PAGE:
Applications of Plastic Injection Molding

Some of the most common applications for injection molding include:
  • High-volume production runs;
  • Quality plastic products that require precision and consistency;
  • Projects with long turnaround times;
  • Any parts ranging from small and complex to large and simple.

Injection molding is a process that creates many identical objects at the same time. The one-step forming process makes it strong, and there’s no need to add an extra step to smooth out any rough edges because this can reduce friction between moving parts for applications like cars or other machines with lots of parts that are constantly in motion.

3D Printing Technology

3D printing is the latest in technology that has hit a mainstream audience. The process works by building up parts layer-by-layer with filament to create three dimensional objects from CAD files, one at a time.

Pros of 3D Printing

3D printing offers several benefits over plastic injection molding, such as:

Low Initial Cost

3D printing is a revolutionary way to make products. It doesn’t use specialized dies, meaning the printer can create one or hundreds of complete products at the same cost per unit!


3D printers allow for quick changes to an idea which makes it ideal as a prototyping tool. The ease of use and faster production time make this technology perfect when iterating through different design concepts or testing out stages in the product life cycle.

Cons of 3D Printing

3D printing can complicate the process in some cases:

Technical Issues

3D printing is a developing science which has led to many advances in health care and construction. However, there are potential risks associated with 3D printers that must be identified during the quality assurance process- while they may not seem substantial now, it’s important for us as humans looking ahead into our future to understand these risks before we commit ourselves further.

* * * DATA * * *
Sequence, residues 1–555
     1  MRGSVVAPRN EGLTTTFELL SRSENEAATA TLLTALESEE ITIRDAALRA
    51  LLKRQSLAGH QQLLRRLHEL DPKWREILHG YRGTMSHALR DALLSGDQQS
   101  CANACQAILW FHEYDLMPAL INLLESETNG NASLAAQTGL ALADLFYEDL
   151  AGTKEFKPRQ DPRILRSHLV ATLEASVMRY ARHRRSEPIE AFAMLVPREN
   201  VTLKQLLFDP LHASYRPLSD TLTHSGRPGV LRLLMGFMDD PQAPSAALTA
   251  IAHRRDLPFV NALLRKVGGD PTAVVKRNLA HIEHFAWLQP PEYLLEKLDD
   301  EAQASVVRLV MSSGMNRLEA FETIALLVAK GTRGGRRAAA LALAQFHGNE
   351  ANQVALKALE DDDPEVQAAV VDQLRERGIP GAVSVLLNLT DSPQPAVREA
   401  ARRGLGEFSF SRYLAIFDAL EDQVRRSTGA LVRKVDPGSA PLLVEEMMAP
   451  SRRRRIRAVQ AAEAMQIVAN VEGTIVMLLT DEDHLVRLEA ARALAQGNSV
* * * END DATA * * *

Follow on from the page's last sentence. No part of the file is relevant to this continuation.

One of the drawbacks to 3D printing is that it may malfunction. The software and hardware sometimes fail, leading to errors in creating items which must be identified during quality assurance testing before they are used for production or sold as a finished product.

Product Quality

3D printing can create visible ridges and structural faults during manufacturing that typically don’t occur with plastic injection molding, but 3d printers are able to make great use of materials such as rubber and metal.

3D Printing is a more complex process than the traditional method for producing plastics; it also has benefits that other methods lack in terms of versatility when incorporating different types of material into an object.

Applications of 3D Printing

It’s common to use 3D printing for:
  • Prototyping and testing products;
  • Small production runs;
  • Customized products;
  • Products that are frequently modified or updated.

Limited-run objects are just one of the many things 3D printing can do. Prototypes and small batch production, among others, also fall under this category. Designs with a lot of gaps or holes in them will benefit from extra design support which is where 3D printing shines through as you need it to fill those spaces that may have been left without consideration for their size beforehand during your initial designs process. It’s easier to change things that are already there in a design. There is more room for errors because you can make changes before you start.

Injection Molding vs 3D Printing Difference